Whether you’re a new imaging system owner or have had your equipment for some time, its maintenance deserves as much thought and consideration as the original decision of which system to buy.
It’s not a matter of if you should have a service contract. Even the best equipment must have a regular preventive maintenance schedule, and good service is crucial for keeping your machine up and running.
So, how do you select a reputable partner? In this blog, we’ll discuss what to look for in an equipment service provider.
1. 24/7 Support. This is especially important if you’re an emergency room, but it also applies to facilities of all kinds. You need to know you’ll be able to reach your service provider at all hours, not just during their own regular business hours.
2. Local Call Center. The call center handling your requests should be in a central or regional location. When the center is far away and handling requests from the entire country, your customer service experience may be compromised, particularly for more complex issues that can’t be solved over the phone. A local call center ensures the team you speak with is in regular contact and close proximity with those in the field. You need to know your request can be quickly passed on to the right person if needed.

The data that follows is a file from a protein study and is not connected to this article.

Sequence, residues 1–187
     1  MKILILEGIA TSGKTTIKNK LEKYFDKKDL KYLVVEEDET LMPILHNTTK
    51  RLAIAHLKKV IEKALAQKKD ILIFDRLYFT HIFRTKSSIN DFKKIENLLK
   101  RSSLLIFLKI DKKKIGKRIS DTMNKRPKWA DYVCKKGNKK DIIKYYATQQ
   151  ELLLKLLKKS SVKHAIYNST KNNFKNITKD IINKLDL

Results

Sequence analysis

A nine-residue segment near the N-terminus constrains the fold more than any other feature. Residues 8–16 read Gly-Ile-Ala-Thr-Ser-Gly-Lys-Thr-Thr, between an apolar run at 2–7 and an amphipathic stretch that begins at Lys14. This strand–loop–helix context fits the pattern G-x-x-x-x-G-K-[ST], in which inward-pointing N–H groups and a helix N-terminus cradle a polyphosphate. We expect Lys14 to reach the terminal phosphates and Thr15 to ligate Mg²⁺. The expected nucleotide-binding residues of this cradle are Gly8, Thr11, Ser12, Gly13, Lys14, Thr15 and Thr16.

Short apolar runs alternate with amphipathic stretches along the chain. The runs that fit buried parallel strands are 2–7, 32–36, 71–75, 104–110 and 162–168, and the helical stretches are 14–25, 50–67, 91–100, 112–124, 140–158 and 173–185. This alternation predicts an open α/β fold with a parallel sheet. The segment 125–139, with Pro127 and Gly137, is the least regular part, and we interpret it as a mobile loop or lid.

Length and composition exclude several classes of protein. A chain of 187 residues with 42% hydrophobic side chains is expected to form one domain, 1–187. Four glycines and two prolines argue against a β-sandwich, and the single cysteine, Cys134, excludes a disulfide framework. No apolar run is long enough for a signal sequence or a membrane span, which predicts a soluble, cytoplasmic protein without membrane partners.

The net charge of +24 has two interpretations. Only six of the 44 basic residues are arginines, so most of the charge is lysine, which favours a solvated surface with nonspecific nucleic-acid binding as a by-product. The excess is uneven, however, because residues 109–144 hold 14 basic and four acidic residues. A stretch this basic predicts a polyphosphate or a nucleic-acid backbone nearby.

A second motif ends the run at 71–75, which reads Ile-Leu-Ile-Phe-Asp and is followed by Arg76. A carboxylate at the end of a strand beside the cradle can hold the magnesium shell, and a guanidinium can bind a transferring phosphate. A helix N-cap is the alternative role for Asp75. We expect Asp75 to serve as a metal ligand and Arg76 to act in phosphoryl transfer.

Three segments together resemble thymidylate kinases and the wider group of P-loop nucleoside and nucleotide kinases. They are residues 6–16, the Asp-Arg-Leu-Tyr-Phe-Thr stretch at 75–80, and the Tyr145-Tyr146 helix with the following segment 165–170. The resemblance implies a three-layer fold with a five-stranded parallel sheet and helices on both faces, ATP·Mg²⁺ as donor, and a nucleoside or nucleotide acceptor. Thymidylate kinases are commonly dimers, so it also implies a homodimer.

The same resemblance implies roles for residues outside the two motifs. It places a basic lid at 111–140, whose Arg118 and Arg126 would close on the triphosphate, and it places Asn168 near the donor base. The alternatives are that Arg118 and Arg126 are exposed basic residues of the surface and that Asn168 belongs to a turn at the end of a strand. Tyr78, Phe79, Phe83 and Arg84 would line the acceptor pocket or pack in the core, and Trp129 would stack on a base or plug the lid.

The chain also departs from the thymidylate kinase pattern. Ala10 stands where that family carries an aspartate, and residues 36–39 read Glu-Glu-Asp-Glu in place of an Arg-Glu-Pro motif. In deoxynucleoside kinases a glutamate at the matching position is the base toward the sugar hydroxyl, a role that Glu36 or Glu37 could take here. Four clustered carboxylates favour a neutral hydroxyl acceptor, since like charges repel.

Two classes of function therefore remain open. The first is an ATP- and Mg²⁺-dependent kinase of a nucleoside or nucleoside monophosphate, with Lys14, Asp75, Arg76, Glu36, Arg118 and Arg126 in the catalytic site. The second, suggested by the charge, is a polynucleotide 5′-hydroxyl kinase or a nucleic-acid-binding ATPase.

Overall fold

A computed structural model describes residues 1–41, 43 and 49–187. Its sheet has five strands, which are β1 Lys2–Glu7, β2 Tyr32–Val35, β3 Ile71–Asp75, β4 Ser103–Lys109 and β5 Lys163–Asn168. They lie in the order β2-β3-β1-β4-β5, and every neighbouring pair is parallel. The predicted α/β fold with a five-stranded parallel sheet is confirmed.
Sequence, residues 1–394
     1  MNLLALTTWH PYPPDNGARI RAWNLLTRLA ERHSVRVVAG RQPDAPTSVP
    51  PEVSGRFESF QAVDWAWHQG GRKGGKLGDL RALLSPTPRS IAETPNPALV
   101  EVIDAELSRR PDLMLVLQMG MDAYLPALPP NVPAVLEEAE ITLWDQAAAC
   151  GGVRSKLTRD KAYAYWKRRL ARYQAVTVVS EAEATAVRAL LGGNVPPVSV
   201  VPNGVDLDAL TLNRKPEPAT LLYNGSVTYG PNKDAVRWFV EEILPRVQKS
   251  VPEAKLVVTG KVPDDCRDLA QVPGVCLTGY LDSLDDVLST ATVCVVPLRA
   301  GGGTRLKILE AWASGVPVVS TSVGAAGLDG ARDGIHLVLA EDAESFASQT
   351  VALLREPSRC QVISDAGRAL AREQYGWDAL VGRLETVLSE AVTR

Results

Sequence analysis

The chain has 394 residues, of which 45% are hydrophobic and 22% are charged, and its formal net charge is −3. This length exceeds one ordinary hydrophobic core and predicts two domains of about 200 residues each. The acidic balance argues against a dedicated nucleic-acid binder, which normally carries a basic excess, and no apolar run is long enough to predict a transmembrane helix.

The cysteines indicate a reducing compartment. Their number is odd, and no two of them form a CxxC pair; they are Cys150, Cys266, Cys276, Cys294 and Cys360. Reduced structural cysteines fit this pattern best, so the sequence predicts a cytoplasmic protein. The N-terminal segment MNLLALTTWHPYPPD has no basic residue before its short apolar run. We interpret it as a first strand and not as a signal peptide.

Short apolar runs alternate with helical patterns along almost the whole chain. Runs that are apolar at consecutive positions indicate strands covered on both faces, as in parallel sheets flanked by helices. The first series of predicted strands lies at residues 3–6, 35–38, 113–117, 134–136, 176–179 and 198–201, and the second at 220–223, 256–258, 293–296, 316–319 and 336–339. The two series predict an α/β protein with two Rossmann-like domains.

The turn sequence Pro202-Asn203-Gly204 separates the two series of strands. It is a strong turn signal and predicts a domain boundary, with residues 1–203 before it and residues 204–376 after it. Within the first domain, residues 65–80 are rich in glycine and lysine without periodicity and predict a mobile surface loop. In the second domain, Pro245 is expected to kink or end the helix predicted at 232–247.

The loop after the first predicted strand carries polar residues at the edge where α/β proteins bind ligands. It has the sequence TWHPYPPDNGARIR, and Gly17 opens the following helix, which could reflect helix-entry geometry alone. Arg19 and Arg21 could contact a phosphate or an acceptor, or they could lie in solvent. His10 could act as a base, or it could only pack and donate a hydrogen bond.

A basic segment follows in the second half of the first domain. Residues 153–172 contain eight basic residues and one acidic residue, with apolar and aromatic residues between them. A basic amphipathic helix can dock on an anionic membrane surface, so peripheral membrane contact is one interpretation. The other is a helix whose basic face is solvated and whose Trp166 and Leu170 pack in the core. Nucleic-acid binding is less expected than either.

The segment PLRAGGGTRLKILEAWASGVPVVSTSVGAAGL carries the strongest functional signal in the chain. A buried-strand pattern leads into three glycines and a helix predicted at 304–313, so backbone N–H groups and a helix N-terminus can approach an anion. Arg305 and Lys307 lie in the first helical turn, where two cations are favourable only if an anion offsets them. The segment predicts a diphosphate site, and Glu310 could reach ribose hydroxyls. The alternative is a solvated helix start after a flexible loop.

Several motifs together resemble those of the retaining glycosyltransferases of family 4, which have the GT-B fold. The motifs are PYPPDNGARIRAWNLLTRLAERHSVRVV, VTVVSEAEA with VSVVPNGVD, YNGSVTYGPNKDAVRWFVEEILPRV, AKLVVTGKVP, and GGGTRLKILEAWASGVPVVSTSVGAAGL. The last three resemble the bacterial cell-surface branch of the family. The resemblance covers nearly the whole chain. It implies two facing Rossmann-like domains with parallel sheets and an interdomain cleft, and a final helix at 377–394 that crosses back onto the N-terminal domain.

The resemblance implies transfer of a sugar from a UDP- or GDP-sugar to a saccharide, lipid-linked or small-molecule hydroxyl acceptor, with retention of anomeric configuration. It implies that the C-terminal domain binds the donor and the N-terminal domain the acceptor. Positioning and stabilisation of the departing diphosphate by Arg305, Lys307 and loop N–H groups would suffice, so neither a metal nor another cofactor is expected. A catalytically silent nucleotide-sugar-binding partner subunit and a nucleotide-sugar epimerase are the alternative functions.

3. Local Field Service Engineers. Your call center must be able to instantly connect you with field service engineers living within your area who care about you and your business and can respond immediately to your needs. It’s about being there—in person—when it counts. Bonus: if you have their direct numbers.
4. A Solid Reputation. You want a service partner that is as accountable to you as you are to your patients. Vendors like this demonstrate a personal commitment to your equipment—so much so that they’re willing to get on the table and be scanned themselves. When evaluating a vendor, considering asking your colleagues about the vendor’s reputation. Be sure to ask for references. Pay close attention to their communication style. A true service partner is proactive. They go above and beyond to ensure you and your team are in the loop about planned upgrades, potential challenges, the status of parts – about everything.